Last week marked a new extreme in the trade tensions between the U.S. and China as President Trump moved forward with tariffs on $34 billion of imported Chinese machinery, auto parts, and medical devices. China responded immediately with tariffs on several U.S. products including soybeans and pork. Several U.S. trading partners have now imposed tariffs on U.S. commodities and processed foods in response to tariffs imposed by the U.S. With all the threats and tariffs imposed, it’s difficult to stay abreast of where things now stand. Table 1 summarizes recent tariffs enacted by other countries on U.S. agricultural products which will affect Nebraska. Continue reading →
Does the exceptionally high soybean yields in recent years mean soybean yields are increasing relative to corn yields? Gary Schnitkey, an agricultural economist at the University of Illinois, recently examined this question. Using state yield data from the National Agricultural Statistics Service for 1972 to 2017, Schnitkey examined corn and soybean yield trends across the Corn Belt to see if soybean yield increases are outpacing those in corn. For Nebraska, Schnitkey found the state average corn yield increased an average of 2.0 bushels per year between 1972 and 2017. At the same time, the average soybean yield increased by .65 bushels per year. The soybean yield-to corn yield ratio averaged .30 over the period and did not exhibit any trends. (see Figure 9 below). The soybean-to-corn yield ratio was .34 in 2016 and .32 in 2017. Continue reading →
Last week China issued a list of 106 U.S. products and goods, 37 of which are agricultural, that will face additional tariffs in retaliation to the April 3 announcement by the Trump Administration that the U.S. intends to enact tariffs on $50 billion of imports from China. The latest Chinese list includes soybeans, corn, and beef, the top three exports commodities from Nebraska, and are in addition to a list announced earlier which included added tariffs on pork and ethanol. Last Friday, it was revealed President Trump has instructed administration officials to investigate whether tariffs on another $100 billion of Chinese goods is warranted. Thus, it appears the U.S. and China are rapidly escalating to a full-fledged trade war. Continue reading →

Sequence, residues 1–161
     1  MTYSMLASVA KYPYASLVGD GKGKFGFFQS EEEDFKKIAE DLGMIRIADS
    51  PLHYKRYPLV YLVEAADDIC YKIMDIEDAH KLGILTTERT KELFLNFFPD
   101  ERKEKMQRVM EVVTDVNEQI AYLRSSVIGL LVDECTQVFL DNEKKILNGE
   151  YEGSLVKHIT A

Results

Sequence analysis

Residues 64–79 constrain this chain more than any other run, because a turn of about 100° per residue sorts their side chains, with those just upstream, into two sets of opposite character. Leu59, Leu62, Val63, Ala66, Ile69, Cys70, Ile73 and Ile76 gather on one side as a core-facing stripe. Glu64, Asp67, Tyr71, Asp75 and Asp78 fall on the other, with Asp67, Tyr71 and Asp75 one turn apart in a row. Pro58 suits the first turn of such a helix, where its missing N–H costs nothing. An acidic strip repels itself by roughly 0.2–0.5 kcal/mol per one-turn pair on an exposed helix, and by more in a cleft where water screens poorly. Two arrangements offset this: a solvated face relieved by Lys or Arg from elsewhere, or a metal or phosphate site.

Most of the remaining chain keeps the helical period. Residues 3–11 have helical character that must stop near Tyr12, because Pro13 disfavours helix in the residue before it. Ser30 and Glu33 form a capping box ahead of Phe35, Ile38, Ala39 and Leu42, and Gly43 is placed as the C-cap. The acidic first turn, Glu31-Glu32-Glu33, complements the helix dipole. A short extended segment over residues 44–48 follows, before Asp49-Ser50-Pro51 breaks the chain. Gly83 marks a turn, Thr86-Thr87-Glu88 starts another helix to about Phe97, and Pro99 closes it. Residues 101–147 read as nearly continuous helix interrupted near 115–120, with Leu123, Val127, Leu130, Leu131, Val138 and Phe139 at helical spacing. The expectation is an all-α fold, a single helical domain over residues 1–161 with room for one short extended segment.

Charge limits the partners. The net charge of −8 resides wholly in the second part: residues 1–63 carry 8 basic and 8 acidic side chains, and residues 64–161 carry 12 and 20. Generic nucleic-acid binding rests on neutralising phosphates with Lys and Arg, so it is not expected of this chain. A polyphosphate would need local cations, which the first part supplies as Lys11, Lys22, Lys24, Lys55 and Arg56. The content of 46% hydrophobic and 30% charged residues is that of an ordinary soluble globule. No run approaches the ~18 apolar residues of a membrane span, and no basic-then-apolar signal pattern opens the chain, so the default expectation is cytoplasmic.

The value of Nebraska’s 2017 corn crop is $5.55 billion and the soybean crop is $2.95 billion according to recent USDA National Agricultural Statistics Service (USDA-NASS) estimates. The corn production value is third-highest in the nation, falling behind Iowa at $9 billion and Illinois at $7.7 billion, and the soybean crop value is the fifth-largest. The figure below shows the values of Nebraska’s corn and soybean crops since 2010. The 2017 corn crop value is lower compared to 2016, but the soybean crop value is slightly higher. The corn crop value exceeded $9 billion in 2011, but has since fallen to where it has been around $6 billion or less in recent years. On the other hand, the value of the soybean crop has consistently hovered around $3 billion through the years. The drop in corn prices and acres in production are both reflected in the lower crop values for corn. Soybean prices have also come down, but increases in acres and higher yields have mitigated the effects on overall crop value. Continue reading →
The U.S. trade deficit with the rest of the world has been getting a lot of attention lately. In January, the deficit was estimated to be $56.6 billion, the highest level in nearly a decade. President Trump believes the trade deficit is bad and argues the U.S. is losing to other countries with which it trades. Accordingly, he believes the U.S. must renegotiate trade agreements and enact tariffs on imported goods to rectify the large deficits. The President’s arguments raise two questions: Are trade deficits inherently bad? And, is the U.S. losing to the rest of the world by having such large trade deficits? Continue reading →
The other day I decided to treat myself to a large bowl of ice cream. I was feeling like it needed a little extra something, so I decided to add some chocolate syrup and whipped cream. When I looked at the can of whipped cream, I had somewhat of an epiphany when I saw a bold label that said, “No Artificial Growth Hormones.” I stared at the label as an agriculturalist and an advocate for the industry and began to understand why there is such a distrust between consumers and producers.
Nebraska crop producers received $646 million in Price Loss Coverage (PLC) and Agriculture Risk Coverage—County (ARC-CO) payments last fall for the 2016 crop year. In total, the USDA distributed $6.9 billion in payments to participating producers under these two programs.